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I have a 55 gal tank that is about two months old. I have no coral other than a few what appear to be zoas that survived on the live rock. I have one clown fish and an algae blenny (the blenny was added two days ago). Aside from fish I have two peppermint shrimp, 5 small snails the variety of which I don't recall, and five hermits. I feed the clown one flake about twice a day. I did add two frozen cubes of mysis shrimp - but stopped that practice because it's way too much food for what I have in there. I'm using an API liquid phosphate test. Lowest reading it registers aside from 0 is .25 ppm(mg/L). I have been doing 10 gal water changes each week. I tested nitrates just now. Maybe a little orange, so something between 0 and 5 ppm. 0 nitrite. 0 ammonia. Maybe I'm misreading the colors. Phosphate looks like .25.
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Old 09-07-2015, 04:37 PM   #5
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Phosphate should be kept between .05-.03, and you can still grow macro algae.
I use SeaKlear, a pool product, in my tank. Its industrial so it only takes a capful to take alot of PO4 out of the water. But you should run a canister filter to remove the bonded PO4 from the tank.
If you do a water change using Reef Crystals, you shouldn't have any trouble with Calcium, as that salt mixes out high on most of the elements. But If you don't have any corals in the tank, you can raise it pretty fast over a period of a few days without issues.
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Old 09-07-2015, 05:00 PM   #6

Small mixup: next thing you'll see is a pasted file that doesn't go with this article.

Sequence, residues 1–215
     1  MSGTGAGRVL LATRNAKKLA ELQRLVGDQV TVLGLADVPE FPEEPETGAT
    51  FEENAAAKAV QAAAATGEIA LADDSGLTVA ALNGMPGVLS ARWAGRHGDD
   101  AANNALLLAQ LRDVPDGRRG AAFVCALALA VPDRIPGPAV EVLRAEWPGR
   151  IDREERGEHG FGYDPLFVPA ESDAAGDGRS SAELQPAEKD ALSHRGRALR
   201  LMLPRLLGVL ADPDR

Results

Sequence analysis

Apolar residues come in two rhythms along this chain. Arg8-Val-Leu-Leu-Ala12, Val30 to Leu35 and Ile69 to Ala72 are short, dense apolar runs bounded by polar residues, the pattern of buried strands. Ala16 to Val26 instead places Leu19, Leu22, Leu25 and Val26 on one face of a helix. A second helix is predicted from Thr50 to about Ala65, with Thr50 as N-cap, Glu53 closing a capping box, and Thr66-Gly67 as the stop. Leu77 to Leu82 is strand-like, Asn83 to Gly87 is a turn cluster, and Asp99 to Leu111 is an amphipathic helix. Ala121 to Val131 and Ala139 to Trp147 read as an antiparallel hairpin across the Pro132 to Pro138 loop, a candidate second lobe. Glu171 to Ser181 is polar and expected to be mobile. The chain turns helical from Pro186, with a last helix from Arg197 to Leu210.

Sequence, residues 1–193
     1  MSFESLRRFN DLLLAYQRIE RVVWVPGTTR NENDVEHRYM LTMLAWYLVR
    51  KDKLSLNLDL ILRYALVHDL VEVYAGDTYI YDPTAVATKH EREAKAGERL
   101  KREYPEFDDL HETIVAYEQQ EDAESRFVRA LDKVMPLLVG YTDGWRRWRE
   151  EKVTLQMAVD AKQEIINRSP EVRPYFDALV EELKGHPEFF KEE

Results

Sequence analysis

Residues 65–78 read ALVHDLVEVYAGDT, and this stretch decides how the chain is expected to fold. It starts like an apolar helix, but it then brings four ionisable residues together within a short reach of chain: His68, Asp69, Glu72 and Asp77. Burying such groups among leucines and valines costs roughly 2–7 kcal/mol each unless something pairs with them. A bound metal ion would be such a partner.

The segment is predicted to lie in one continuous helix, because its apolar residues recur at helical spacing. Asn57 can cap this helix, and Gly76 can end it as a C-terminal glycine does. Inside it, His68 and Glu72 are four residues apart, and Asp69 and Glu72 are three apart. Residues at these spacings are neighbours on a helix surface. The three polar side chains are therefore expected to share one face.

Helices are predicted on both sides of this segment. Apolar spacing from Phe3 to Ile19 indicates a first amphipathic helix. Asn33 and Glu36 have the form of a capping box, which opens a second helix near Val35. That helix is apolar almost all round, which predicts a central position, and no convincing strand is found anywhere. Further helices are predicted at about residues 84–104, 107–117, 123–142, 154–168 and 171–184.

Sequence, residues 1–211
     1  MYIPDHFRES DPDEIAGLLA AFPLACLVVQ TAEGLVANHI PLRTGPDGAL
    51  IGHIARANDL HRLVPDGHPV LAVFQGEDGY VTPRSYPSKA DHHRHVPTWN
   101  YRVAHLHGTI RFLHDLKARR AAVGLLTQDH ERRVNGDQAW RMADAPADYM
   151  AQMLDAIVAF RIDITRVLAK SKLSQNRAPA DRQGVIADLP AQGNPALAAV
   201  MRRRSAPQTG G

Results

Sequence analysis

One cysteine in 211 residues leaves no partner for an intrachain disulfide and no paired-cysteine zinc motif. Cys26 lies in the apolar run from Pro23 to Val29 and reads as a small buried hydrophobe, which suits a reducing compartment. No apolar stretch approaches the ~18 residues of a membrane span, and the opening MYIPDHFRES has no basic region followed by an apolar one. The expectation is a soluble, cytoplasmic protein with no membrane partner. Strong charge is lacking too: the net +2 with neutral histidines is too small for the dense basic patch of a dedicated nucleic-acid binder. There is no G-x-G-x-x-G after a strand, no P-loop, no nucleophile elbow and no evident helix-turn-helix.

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2 cubes of frozen is to much for 10 fish yet alone 2
I use a straight blade razor to cut off small amounts
Both nitrates and phosphates aren't really to bad but closer to 0 is best
as long as your in the 0 to 10 range but more towards the lower range your fine
all the nutrients you need will be in the salt when you do water changes
adding in additives all its going to do is cause issues , as long as you don't have tons SPS corals simple water changes will do , once you get some experience with reading your corals that would be a ideal time to inquire about dosing , yes corals talk you just need to understand them they tell you they are happy when there not and so forth ,
if your not familiar with dosing or even testing for all you are dosing for stay away,
its not uncommon to overdose a tank and it crashes not a pretty thought ,
# 1 rule go slow learn how everything reacts see if you can read what your coral tell you , learn not to over feed learn to do water changes on a schedule be sure you keep a log of all your parameters water changes feeding and what ever else you may do
when adding something new ect , you may not think all this is important but once your six months in and look back you can see when things were acting up and when things were doing good , if I have a issue I go straight to my log I know what I did when thing gone bad and it helps to know all this so it can be fixed before permanent damage
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Old 09-07-2015, 05:07 PM   #7
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With all that algae you've got higher readings than your showing. Some large wcs with manual removal is your best option to get it back under control


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Old 10-23-2015, 03:49 PM   #8
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So, I've been on the fence in regards to buying a more reliable phosphate test (looking at the Red Sea Pro kit). I read in one thread that a phosphate test is not needed - if you have algae, you have phosphate. On the flip side, I would like a reliable test so I can confirm I'm not wasting money on GFO ... and to keep an eye on when it may need changing. Any thoughts? I looked at the Hanna Checker Phosphate test and it seems like a pain. Many complain about not being able to get all the reactive agent out of the pouch it comes in and getting different results on repeat tests (possibly from not getting all the reagent out?)
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Old 10-24-2015, 12:57 PM   #9
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I would recommend the Red Sea test kit range. Easy to use and clear results